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Base for second Hinkley Point C reactor completed
Concrete pour at the Hinkley Point C2 reactor. Photo: EDF Energy
Workers at the Hinkley Point C nuclear construction project in the United Kingdom have completed the 49,000-ton base for the station’s second reactor, Unit C2, hitting a target date set more than four years ago, according to EDF Energy.
Joseph W. Nielsen, David W. Nigg, Daren R. Norman
Nuclear Technology | Volume 201 | Number 3 | March 2018 | Pages 228-246
Technical Paper | dx.doi.org/10.1080/00295450.2017.1356647
Articles are hosted by Taylor and Francis Online.
The Korea Atomic Energy Research Institute is currently in the process of qualifying a low-enriched-uranium fuel element design for the new Ki-Jang Research Reactor (KJRR). As part of this effort, a prototype KJRR fuel element was irradiated for several operating cycles in the northeast flux trap of the Advanced Test Reactor (ATR) at the Idaho National Laboratory. The KJRR fuel element contained a very large quantity of fissile material (618 g 235U) in comparison with historical ATR experiment standards (<1 g 235U), and its presence in the ATR flux trap was expected to create a neutronic configuration that would be well outside of the approved validation envelope for the reactor physics analysis methods used to support ATR operations.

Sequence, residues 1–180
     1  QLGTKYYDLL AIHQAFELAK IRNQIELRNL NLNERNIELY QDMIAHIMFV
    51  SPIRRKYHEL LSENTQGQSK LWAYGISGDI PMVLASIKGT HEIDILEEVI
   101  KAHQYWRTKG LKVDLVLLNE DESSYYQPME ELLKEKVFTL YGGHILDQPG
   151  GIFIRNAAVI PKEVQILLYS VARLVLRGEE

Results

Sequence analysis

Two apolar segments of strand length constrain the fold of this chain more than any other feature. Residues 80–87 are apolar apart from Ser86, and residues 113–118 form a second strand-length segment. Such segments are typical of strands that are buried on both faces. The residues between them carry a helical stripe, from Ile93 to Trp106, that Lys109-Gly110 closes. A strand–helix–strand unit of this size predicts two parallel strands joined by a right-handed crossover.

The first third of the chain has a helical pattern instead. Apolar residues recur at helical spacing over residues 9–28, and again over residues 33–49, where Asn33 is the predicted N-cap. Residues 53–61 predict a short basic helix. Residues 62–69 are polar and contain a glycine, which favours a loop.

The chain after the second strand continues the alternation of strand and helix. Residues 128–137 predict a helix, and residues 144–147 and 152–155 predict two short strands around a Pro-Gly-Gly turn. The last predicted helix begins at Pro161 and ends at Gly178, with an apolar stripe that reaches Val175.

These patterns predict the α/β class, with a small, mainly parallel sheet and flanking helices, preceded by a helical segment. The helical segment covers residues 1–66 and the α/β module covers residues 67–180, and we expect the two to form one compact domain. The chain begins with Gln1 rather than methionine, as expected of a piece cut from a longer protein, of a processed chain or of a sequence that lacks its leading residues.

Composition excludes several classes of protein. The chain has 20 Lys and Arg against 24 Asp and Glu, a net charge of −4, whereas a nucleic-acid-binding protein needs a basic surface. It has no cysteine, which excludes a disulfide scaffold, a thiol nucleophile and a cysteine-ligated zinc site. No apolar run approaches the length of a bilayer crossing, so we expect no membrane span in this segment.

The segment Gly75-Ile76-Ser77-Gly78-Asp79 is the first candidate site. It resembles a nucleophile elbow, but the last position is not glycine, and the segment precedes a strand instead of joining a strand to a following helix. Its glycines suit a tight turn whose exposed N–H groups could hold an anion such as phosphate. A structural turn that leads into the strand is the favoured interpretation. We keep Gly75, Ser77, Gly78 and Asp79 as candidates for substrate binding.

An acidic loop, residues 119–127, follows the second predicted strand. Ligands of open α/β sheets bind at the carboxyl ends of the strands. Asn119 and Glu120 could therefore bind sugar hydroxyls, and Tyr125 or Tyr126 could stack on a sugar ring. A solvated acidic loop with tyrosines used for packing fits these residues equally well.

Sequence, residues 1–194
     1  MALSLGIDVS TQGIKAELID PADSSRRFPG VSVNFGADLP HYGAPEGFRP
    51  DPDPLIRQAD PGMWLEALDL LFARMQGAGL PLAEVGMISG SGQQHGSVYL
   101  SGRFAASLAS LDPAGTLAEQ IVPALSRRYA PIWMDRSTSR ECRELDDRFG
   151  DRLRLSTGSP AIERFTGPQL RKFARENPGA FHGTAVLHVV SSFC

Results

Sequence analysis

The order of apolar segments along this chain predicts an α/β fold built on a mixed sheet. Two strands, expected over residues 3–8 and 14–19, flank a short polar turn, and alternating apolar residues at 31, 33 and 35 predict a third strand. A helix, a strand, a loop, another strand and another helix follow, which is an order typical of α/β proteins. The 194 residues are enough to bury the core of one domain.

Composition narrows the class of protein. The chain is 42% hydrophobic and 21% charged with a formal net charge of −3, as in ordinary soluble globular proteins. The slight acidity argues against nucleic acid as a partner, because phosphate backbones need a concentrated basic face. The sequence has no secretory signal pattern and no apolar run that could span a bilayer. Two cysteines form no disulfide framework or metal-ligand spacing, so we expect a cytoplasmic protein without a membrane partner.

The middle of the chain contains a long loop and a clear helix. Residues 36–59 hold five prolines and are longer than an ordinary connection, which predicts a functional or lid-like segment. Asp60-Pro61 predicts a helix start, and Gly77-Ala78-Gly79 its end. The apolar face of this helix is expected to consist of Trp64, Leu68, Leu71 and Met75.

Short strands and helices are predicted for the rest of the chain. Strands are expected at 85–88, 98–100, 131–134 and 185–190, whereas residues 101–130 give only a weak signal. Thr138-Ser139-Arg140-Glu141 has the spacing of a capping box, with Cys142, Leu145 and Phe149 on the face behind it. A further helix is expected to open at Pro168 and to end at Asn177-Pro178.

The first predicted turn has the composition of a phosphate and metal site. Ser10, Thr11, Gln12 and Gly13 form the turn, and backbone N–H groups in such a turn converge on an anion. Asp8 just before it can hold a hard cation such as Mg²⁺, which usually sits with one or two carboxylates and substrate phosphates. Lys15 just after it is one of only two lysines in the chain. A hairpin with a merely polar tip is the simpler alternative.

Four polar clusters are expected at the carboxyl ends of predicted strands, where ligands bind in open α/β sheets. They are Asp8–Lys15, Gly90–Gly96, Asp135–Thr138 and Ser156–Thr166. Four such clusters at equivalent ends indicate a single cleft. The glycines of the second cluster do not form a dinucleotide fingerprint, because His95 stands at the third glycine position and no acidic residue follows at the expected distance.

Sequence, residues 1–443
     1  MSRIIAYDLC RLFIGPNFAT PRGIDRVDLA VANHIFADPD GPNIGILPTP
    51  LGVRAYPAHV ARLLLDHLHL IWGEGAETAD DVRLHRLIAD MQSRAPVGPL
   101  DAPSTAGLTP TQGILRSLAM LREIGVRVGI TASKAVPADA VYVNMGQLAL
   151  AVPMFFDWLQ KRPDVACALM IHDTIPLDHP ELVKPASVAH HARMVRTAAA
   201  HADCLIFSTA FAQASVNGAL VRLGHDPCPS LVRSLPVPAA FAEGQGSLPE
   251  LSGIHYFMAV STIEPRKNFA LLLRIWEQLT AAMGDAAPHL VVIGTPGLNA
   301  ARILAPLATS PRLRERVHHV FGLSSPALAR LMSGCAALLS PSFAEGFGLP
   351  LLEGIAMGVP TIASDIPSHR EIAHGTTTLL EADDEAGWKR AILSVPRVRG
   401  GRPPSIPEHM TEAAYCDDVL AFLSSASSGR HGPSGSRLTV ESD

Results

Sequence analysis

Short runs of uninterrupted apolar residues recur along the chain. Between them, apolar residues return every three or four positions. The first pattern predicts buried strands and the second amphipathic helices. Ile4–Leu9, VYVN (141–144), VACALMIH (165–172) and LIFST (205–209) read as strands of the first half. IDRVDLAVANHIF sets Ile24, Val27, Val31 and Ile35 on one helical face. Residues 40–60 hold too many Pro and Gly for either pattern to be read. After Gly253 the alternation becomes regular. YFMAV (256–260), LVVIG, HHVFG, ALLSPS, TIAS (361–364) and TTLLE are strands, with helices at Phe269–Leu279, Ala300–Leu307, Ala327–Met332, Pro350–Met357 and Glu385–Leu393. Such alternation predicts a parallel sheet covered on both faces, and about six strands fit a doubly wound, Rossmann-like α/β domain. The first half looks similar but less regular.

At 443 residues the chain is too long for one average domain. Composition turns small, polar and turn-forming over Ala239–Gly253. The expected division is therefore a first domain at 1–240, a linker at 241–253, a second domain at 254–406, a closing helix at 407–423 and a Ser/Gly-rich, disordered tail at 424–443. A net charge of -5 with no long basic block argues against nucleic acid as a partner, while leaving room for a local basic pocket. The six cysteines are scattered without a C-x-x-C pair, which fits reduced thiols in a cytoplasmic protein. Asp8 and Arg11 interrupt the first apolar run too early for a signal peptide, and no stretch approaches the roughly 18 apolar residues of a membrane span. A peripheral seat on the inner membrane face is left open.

Accordingly, it was necessary to conduct an extensive set of new low-power physics measurements in the ATR Critical Facility (ATRC), a companion facility to the ATR, located in an immediately adjacent building and sharing the same fuel storage canal. The new measurements included fission power distributions, reactivity, and measurements related to the calibration of the in-core online instrumentation. The effort was focused on the objective of expanding the validation envelope for the computational reactor physics tools used to support ATR operations and safety analysis to include the planned KJRR irradiation in the ATR and similar experiments that are anticipated in the future.
The computational and experimental results have demonstrated that the neutronic behavior of the KJRR fuel element in the ATRC is well understood in terms of its general effects on ATRC core reactivity and fission power distributions and its effects on the calibration of the ATR Lobe Power Calculation and Indication System, as well as in terms of its own internal fission rate distribution and total fission power per unit ATRC core power. Taken as a whole, these results have significantly extended the ATR physics validation envelope, thereby enabling an entire new class of irradiation experiments.